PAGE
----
NEW YORK (CNN/Money) -
"AOL: You've got Jail!" That was one of the jokes making the rounds Thursday as investors learned that the SEC would investigate potential accounting irregularities at AOL Time Warner's America Online division, as detailed last week in a series of Washington Post articles.
The news pushed AOL stock into the single-digit club, dropping more than 15 percent to $9.64. AOL is the parent of CNN/Money.
AOL, for its part, says that the allegations in the Washington Post article are without merit and that all the transactions in question were reviewed by outside auditors Ernst & Young. Still, this denial, and whatever bits of good news there were in AOL's earnings report Wednesday night were overshadowed by what analysts were gingerly calling the "overhang" of an SEC investigation (see "You've got fear").
While acknowledging that the stock now sports a "depressed valuation," Goldman Sachs analyst Richard Greenfield suggested the stock would tread water until "AOL division issues" were resolved. Others were a little blunter. "That's AOL Folks!" the New York Post blared, adapting the catchphrase of one Porky Pig (who, like me, is an AOL Time Warner employee).
Meanwhile, online critics hit the caps-lock key and began typing away. "AOL GOING TO PENNIES" one critic on the Yahoo! finance boards predicted just before news broke of the SEC investigation. "SHORT THE SUCKA CAUSE IT'S A PUKE-DIARRHEA-BARFER STOCK WITH DEAD MAGGOTS!" (His opinion didn't change much after the news: "BWAHAHAHAAAAA!!! WHATTA DIARRHEA-PUKE-BARFER-FART..BARF!")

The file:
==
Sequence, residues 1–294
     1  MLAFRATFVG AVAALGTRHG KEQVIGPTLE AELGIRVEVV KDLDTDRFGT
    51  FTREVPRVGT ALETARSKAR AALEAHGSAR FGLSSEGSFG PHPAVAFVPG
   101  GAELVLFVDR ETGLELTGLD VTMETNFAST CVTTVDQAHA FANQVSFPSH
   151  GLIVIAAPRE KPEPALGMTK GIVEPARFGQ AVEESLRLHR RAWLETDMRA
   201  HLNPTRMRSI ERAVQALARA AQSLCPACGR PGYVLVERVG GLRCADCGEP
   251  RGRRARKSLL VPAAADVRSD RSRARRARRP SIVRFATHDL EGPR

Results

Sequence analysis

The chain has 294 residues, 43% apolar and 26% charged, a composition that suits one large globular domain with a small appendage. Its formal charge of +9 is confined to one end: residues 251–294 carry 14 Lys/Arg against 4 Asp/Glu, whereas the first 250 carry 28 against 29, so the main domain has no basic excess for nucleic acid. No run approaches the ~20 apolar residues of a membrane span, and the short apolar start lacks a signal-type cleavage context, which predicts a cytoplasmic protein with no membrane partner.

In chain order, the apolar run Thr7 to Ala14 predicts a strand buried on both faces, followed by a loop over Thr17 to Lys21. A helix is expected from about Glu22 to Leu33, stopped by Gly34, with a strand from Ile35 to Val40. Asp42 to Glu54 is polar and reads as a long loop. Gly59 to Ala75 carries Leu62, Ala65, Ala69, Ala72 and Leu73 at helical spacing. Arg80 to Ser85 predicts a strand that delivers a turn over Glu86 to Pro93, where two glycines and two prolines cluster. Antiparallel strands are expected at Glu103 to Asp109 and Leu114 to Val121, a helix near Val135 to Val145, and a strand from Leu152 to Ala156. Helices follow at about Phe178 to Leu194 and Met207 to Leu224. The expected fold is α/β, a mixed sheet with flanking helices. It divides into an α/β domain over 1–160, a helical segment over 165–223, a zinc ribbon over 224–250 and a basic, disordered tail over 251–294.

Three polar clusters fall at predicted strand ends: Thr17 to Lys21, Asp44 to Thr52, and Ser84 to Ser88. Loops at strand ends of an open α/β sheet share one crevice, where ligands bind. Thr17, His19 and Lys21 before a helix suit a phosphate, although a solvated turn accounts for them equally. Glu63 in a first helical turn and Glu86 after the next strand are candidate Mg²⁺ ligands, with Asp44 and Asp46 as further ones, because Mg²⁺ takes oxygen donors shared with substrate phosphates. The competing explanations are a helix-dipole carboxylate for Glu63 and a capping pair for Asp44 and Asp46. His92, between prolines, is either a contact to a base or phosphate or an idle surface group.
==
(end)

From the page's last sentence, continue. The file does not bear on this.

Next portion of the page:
That may be, ah, overstating the case, but AOL Time Warner faces challenges that go well beyond SEC snoops -- most notably trying to revive sagging AOL signups and resuscitate the struggling online ad market. (For more on AOL's ad issues, see "You've Got Ail!")
Still, buried in all of the bad news is one reassuring data point -- and his name is Scooby Doo. Yes, the cartoon dog's new movie, which cost a little over $50 million to make, has already taken in more than $200 million worldwide.
Then again, Scooby's success will no doubt inspire a slew of sequels and knockoffs. We'll be awash in computer-animated dogs for years to come. That may be good for AOL's stock, but it can't be good for our nation's soul.
Hold the Cisco
Longtime Cisco bear Ariane Mahler of Dresdner Kleinwort Wasserstein chose Thursday of all days to actually upgrade the stock -- all the way to a "hold."
Skittish investors evidently didn't take much comfort in knowing that Mahler's gone from cold to lukewarm on the stock: The stock dropped nearly 12 percent, slipping ever closer to its September lows. Mahler, who until today had been the only analyst rating the stock a "sell," said she thought the stock had fallen about as far as it was likely to fall, though worries about Cisco's big options overhang and accounting issues in general could possibly push it down further.
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Her price target? A whopping $13 a share, a little less than a buck and a half more than what the stock's Thursday close. (For those keeping track, Mahler gave the stock a similar upgrade back in April, only to downgrade again -- presciently, it turns out -- after the stock popped above her target price.)
Meanwhile, Credit Suisse First Boston analyst Lissa Bogaty cut her target price on the stock from $20 to (ouch!) $14; even though her target is now only a buck higher than Mahler's she still rates the stock a "buy."
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